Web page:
So, I need a synthesis of aims and barriers to make this workable. There are constraints on my time and this forum that make completing such a synthesis here all but impossible, but I have some ideas that might jolt the imaginations of potentially interested readers.

One part of the answer might be to return to a concept that makes a base humanities syllabus a pre-requisite for any specialised tertiary qualification. This is in itself not easy territory given the contamination of humanities courses with so much self-righteous, highly tendentious left theory, but that’s a matter of will to change things, and not an insurmountable problem, particularly if addressed with appropriate controls on reward structures, tenure, and curbs on politically correct claptrap.

Another part of the solution is intrinsically organisational: an expectation that people working in a group will bring to it an area of specialisation that they will nurture of their own accord, but also that they will acquire at least one new area of specialisation identified as beneficial to the organisation. That might be done via mentoring, cross-skilling, or informal but regular tiger team collaboration. The barrier to this approach is the egocentricity and focus on personal reward that go with perceptions of unique skill sets and the value these represent if they are maintained as unique. To overcome that mind-set requires discipline at the executive level, and appropriate reward structures at other levels, but also some move away from the more deterministic approaches to human resources so that a genuine focus on organisational fit cab take its place in recruitment and promotion decisions.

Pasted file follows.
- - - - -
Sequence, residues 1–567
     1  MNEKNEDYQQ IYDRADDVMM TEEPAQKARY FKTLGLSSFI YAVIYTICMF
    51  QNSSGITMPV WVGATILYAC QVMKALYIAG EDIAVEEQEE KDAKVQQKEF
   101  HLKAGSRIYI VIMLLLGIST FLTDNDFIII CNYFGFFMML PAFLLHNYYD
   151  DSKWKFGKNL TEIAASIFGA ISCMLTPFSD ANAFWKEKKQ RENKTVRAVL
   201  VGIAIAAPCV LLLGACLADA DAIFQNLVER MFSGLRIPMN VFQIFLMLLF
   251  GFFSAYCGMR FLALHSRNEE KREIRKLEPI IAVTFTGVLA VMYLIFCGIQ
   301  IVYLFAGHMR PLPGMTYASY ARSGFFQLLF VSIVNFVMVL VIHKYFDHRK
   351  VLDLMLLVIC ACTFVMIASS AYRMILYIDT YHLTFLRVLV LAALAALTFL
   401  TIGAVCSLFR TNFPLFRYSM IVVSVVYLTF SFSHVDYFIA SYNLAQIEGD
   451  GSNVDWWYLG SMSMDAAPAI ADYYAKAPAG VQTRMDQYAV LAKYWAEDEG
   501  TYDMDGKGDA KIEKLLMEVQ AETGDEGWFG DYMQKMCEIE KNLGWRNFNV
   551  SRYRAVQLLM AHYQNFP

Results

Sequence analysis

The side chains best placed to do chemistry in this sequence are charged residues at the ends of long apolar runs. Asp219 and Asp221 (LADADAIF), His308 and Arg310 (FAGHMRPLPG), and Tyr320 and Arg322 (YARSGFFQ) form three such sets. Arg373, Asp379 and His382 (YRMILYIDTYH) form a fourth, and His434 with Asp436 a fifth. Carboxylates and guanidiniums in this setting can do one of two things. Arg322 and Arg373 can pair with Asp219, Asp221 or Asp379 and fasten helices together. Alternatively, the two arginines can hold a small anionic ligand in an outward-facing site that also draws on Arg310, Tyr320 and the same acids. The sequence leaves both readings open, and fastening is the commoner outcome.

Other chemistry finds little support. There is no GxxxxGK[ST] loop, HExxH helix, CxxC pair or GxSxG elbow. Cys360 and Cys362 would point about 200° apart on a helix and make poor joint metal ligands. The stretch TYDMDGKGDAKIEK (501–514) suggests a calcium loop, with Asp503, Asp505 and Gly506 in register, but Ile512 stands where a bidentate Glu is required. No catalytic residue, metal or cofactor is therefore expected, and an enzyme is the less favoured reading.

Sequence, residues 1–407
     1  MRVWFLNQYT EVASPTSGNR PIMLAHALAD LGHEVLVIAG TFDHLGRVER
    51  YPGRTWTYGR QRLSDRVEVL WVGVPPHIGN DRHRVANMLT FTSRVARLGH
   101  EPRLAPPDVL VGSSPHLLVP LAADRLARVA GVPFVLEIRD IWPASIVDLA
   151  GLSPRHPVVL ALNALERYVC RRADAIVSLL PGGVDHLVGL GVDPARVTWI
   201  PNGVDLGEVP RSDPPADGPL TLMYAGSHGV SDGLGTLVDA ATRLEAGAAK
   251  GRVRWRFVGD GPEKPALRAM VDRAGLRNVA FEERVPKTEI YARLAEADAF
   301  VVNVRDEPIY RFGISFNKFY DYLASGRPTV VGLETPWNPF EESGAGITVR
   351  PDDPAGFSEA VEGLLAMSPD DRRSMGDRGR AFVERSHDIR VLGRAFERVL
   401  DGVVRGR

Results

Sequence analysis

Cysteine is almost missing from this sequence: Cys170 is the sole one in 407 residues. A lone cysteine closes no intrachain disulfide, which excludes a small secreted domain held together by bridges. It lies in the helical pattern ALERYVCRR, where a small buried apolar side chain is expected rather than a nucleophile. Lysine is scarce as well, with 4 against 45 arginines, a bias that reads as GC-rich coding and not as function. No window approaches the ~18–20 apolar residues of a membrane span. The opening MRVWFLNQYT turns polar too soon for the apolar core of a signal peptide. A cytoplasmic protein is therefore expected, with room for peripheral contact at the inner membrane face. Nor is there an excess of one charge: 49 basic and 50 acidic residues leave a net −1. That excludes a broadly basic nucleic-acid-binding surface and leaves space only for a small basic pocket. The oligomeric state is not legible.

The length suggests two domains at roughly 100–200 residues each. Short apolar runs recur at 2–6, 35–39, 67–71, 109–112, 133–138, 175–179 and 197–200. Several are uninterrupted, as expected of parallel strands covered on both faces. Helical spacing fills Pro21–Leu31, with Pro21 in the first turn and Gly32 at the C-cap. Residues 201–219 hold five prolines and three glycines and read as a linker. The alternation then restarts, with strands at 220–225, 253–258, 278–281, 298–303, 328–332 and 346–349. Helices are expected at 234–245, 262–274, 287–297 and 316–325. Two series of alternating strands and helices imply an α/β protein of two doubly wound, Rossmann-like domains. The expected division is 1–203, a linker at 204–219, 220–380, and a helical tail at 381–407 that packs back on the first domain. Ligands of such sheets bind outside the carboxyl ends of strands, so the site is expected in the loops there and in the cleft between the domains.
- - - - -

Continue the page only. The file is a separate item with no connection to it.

None of this works without costs and an expectation of social and capital profit. However, I think not trying at all becomes less of a viable option in an increasingly amoral, cut-throat, and anti-social business environment in which new approaches will stand out like a floodlight — for better or worse.
Thank you for this interesting and thought provoking comment, Peter!
Wow, an excellent graphic and excellent commentary .. I have been mulling similar topics in other spaces. +Amira notes if I could jump in here .. ?

I see several major themes in your comments +Peter Strempel that are worth amplification and reflection. Let me see if I can do justice to your ideas from my own pov .. w/o shifting your semantic intent ..

over-specialization which causes much of the problem in collaboration, in that we can't communicate with other specialists, whether inside or outside our organizations' walls (including firewalls!)
mitigating constraints (especially silo/expert cultures) which I think is a huge set of issues, starting at the systemic cultural level, but trickling all the way down to our own behaviors
return to values which in this context is about replacing the cut throat competitive meme with true empathy, a sense of mutual respect, and desire to help each other; Nonaka called it care ..

Are we on the same page? Thanks for the post .. !!
+Chris Jones For some reason I did not see your post here until I was notified of Amira's. My apologies.

Yes, we are on the same page.